A recently published review of studies concludes that early interventions are useful for infants and toddlers with or at risk for cerebral palsy. Combined with earlier detection of cerebral palsy and better identification of risk factors, early intervention and treatment can make a huge difference in the lives of children with this condition.
Early vs. Late Interventions in Cerebral Palsy
Cerebral palsy is a condition that affects the brain and motor functions. It usually results from a brain injury that occurs in fetal development or during childbirth. Previous studies have identified risk factors and early signs that make diagnosing the condition more accurate at an early age.
Identifying risk factors and diagnosing early can allow specialists to use earlier interventions to minimize later symptoms and complications. An intervention is simply a strategy used to support a child’s normal development. An early intervention refers to any such strategy applied in the first year or two of life.
Later interventions can be useful but limited. Researchers have found that interventions for brain injury are most effective in the first six months. This is when a baby’s neurons in the spine are still developing. Intervening during this period may prevent some of the disabilities a child with a brain injury might otherwise have. Study and use of interventions as early as six months have been limited but are becoming more common now.
A Review of a Decade of Studies
The article, “Early Intervention Evidence for Infants with or at Risk for Cerebral Palsy: An Overview of Systematic Reviews,” was published in April 2021 in Developmental Medicine & Child Neurology. The article authors looked at studies from 2009 to 2020 that used early interventions in children with cerebral palsy or at risk for it. The children ranged in age from newborn to three years old.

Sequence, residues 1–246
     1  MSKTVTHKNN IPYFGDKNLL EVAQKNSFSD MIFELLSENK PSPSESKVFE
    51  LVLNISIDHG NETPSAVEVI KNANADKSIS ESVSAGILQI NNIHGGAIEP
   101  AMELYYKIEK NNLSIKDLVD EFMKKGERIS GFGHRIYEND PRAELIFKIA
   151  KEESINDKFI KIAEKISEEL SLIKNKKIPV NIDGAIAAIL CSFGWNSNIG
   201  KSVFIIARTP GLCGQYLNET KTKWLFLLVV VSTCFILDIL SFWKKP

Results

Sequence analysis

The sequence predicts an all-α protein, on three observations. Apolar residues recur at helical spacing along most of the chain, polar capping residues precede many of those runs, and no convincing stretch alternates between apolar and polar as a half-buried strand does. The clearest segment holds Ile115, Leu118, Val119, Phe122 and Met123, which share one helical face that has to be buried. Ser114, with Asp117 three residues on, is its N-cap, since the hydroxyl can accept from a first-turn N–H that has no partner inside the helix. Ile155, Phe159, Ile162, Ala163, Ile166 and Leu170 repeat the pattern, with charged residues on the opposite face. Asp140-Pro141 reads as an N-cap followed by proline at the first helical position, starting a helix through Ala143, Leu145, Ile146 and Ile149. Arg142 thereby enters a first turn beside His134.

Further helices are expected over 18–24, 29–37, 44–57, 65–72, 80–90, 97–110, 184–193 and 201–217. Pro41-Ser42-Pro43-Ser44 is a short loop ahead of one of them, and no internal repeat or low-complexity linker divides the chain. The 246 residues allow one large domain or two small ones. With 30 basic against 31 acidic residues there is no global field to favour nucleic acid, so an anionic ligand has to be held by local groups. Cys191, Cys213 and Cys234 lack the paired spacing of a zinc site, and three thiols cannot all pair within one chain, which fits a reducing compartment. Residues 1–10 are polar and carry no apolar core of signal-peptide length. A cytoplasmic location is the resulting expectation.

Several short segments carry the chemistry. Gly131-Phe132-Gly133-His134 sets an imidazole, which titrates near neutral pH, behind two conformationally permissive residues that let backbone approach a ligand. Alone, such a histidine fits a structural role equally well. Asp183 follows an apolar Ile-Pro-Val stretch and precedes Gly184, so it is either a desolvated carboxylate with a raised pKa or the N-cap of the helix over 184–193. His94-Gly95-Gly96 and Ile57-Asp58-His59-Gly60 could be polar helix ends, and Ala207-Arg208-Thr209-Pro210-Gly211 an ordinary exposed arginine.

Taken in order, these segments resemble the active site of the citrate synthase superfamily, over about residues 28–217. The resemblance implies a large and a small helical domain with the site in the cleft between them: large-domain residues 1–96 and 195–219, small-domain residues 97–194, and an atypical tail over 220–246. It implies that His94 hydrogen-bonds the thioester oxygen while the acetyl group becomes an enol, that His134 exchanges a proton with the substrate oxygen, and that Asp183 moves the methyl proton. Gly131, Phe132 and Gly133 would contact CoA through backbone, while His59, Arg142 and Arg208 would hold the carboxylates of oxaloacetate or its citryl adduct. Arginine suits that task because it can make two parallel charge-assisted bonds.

This large, overreaching analysis helps to give cerebral palsy researchers greater insight into how early treatments impact children. They looked at over 46 studies that engaged in randomized controlled trials and used comparison groups to test early motor interventions.
Early Interventions Used
Previously, early interventions have been limited to using special equipment and toys to help babies with cerebral palsy develop. Now, the researchers say, better treatments are available. Those reviewed in the study include providing an enriched home environment with both motor and cognitive challenges. They also included physical training for weaker limbs and intensive therapies for specific goals.
The study authors found that these early interventions were most effective when the families used them daily. They made the therapies and enriching toys part of everyday life for their children. The children participated actively in the therapies and strategies.
The conclusion from the review is important but still limited. The researchers see hope for early interventions to help children develop more normally with cerebral palsy, but there are limitations. They push for other researchers to continue developing earlier diagnostic techniques. Combined with early interventions, detecting cerebral palsy and its risk factors sooner can have a big impact on children for the rest of their lives.